Remember how curious everything seemed when you were a kid?
That curiosity is what noted Swiss psychologist Jean Piaget centered his whole research around—that children learn by doing, touching, and exploring.
Enter Christophe Xavier Clivaz, who, inspired by Piaget’s research, has applied that theory into practice.
Clivaz is the founder-director of Swiss Learning, a network of 14 boarding schools and hotel management institutions spread across 12 of Switzerland’s 26 cantons.
These institutions, some of them set against the stunning backdrop of the Swiss Alps, offer a unique educational experience.
Press Insider caught up with Clivaz on his recent India visit.
Could you share how India figures in Swiss Learning’s plans?
Absolutely. India represents a growing market for us. While it’s not one of our largest markets yet, we’re actively working to expand our presence there. We began focusing on India before the pandemic hit, which temporarily paused our efforts, but now we’re keen on re-engaging and developing this market further.
What drew Swiss Learning to the Indian market?
Our goal is to diversify our student body, aiming for a representation of 10 to 15% Indian students, which translates to around 300 to 400 students across our schools. Despite having 14 schools, our aim is to maintain a small, yet diverse, student population. This aligns with our ethos of providing a multicultural and multilingual educational environment, grounded in the Swiss educational system’s strength of high academic standards.
In how many Swiss cantons are your schools located?
Our schools are spread across 12 of Switzerland’s 26 cantons, offering a range of environments from city settings to mountainous landscapes. So, we have schools in the German part, in the Italian part, and in the French part. The most popular regions historically are near Lake Geneva and in the Alps, due to their accessibility and the scenic beauty they offer to the educational experience.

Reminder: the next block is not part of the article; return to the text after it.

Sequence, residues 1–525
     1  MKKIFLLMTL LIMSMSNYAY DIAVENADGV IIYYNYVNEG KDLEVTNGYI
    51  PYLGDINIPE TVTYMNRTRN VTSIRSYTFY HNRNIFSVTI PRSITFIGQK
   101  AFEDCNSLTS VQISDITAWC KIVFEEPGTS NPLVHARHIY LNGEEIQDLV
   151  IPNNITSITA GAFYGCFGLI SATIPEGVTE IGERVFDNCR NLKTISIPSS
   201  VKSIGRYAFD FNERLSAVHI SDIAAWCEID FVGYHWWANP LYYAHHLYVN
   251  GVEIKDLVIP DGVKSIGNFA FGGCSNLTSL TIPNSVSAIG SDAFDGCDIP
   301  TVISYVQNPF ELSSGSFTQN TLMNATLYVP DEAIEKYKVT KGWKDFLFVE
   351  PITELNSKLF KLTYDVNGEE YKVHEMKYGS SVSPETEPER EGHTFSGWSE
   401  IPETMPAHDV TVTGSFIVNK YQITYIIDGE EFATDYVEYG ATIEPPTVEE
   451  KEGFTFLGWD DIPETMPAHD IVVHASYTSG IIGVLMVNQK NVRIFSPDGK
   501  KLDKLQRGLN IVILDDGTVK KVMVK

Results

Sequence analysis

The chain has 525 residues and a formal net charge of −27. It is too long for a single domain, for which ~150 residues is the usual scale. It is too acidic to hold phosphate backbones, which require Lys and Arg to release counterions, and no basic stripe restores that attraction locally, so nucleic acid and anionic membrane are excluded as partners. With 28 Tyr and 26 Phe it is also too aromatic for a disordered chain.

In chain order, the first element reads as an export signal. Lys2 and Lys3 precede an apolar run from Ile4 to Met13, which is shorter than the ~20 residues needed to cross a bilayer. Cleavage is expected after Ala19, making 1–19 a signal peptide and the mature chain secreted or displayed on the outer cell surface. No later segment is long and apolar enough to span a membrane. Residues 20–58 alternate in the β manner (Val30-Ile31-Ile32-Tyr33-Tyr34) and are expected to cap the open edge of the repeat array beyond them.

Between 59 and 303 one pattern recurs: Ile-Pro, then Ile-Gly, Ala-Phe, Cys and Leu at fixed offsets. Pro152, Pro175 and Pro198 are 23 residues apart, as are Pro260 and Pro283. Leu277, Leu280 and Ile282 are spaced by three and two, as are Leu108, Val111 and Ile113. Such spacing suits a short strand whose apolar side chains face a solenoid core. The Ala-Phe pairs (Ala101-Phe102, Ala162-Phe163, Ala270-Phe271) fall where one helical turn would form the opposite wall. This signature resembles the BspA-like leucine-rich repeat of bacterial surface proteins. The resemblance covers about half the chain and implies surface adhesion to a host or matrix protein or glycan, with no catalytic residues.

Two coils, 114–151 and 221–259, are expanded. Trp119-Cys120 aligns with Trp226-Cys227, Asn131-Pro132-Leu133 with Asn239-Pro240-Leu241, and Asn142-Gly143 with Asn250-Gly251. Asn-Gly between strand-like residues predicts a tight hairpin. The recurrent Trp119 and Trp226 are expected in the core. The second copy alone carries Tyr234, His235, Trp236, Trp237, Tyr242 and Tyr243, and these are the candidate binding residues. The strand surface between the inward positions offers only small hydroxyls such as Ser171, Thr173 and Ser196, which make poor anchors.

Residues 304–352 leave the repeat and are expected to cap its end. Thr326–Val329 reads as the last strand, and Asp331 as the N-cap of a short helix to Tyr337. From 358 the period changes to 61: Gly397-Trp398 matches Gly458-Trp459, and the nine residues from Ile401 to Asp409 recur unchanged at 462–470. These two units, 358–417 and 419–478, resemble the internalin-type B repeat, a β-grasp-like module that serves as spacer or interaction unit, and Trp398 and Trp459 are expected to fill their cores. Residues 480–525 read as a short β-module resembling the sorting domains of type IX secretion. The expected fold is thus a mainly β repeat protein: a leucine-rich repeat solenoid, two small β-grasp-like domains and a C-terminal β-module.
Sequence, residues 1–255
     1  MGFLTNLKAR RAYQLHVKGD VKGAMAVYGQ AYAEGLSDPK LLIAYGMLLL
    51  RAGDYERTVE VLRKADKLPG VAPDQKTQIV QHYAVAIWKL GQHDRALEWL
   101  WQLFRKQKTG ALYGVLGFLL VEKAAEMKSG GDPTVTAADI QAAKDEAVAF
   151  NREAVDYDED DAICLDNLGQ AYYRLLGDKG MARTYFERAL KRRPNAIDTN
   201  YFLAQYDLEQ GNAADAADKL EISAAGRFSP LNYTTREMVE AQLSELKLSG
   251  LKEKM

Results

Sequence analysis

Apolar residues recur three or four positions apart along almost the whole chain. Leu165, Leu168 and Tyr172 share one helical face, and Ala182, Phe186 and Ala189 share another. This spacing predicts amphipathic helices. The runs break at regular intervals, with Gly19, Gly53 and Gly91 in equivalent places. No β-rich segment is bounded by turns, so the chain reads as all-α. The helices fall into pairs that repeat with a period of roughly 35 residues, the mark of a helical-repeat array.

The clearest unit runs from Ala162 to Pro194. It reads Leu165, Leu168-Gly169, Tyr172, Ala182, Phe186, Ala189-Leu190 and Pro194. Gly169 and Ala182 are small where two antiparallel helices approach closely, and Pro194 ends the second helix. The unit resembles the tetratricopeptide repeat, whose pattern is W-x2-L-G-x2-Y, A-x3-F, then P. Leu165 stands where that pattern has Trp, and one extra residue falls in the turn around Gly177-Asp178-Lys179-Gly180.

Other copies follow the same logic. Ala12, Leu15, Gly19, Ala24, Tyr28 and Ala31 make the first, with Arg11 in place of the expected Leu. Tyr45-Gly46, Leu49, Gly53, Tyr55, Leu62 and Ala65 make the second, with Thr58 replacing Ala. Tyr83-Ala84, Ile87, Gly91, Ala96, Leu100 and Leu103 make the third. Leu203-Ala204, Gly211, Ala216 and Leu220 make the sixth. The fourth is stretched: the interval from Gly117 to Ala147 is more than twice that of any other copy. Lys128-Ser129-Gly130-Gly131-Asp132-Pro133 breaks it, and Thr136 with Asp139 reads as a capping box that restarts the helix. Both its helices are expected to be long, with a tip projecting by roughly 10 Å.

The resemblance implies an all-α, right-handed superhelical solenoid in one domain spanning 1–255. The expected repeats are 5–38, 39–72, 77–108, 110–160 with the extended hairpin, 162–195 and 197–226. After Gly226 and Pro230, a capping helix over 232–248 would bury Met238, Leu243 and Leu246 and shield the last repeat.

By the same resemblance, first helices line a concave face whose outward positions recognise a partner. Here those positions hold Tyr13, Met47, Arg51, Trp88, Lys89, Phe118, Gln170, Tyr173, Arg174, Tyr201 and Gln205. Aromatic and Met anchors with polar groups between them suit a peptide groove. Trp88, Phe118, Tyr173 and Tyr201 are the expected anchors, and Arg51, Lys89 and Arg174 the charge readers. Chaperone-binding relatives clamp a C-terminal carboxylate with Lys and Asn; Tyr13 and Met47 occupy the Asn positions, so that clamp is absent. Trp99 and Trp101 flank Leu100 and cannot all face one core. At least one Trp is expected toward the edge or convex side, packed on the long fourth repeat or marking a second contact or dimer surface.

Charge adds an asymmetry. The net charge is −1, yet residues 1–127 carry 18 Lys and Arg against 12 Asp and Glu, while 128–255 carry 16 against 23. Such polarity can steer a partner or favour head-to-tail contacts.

The historic Orient Express, a famous train route connecting Istanbul and Venice with Paris, would stop in Lausanne, Switzerland. Wealthy parents traveling on this route would leave their children at boarding schools near Lausanne for a few weeks of education while they continued their journey, often to Paris. This practice contributed to the popularity of Swiss boarding schools in the region, as they became a convenient and attractive option for families looking for high-quality education for their children during their travels.
(From left) Swiss consul general Martin Maier; Yash Raj Films (YRF) chief executive Akshaye Widhani; and Swiss Learning’s Christophe Xavier Clivaz at an event in Mumbai, where YRF was recognized for promoting India-Swiss ties.
Are there any competitors for Swiss Learning?
Swiss Learning is unique in its approach, much like the British Council, but on a smaller scale. We emphasize the distinctiveness of each school, ensuring they cater to the diverse needs and backgrounds of our international student body.
Could you explain the balance between vocational and academic education in Switzerland?
In Switzerland, we emphasize both vocational and academic education. Our approach ensures that students receive a well-rounded education, preparing them for a variety of career paths. While we offer comprehensive high school programs, we also integrate vocational elements, especially in our hotel schools.
We recognize the value of vocational training and, accordingly, incorporate vocational elements into our curriculum, especially through programs like the IBCP, which bridges the gap between academic study and vocational education.
How important is vocational education in Switzerland?
Vocational education is crucial in Switzerland. It’s essential for preparing students for careers in various sectors, such as hospitality, hairdressing, and automotive repair. A strong vocational education system contributes to our low unemployment rate by ensuring that individuals can work in high-value areas, producing goods and services that require specialized skills.
About 60% of our population pursues vocational education, which is unique and highlights our commitment to preparing students for practical, skilled work. This approach aligns with our belief in learning by doing, as advocated by Swiss psychologist Jean Piaget, emphasizing the importance of experience in education.
Piaget believed that the primary goal of education should be to empower the younger generation to innovate rather than replicate past generations’ actions. This philosophy underpins our educational approach, focusing on experiential learning, critical thinking, and problem-solving.
With the emphasis on both vocational and academic education in Switzerland, how does Swiss Learning incorporate this into its curriculum?
Our focus is primarily on providing a high-school education that prepares students for higher education and life beyond. Switzerland’s strong vocational education system is a model we admire, ensuring students are ready for a world that values practical skills as much as academic knowledge.
With the global focus on artificial intelligence (AI), how is Swiss Learning incorporating modern technologies?
Embracing AI and technology is essential for our curriculum. We aim to equip our students not just with the tools to use these technologies but also with the critical thinking skills necessary to navigate the information they encounter, ensuring they can distinguish between reliable and unreliable sources.
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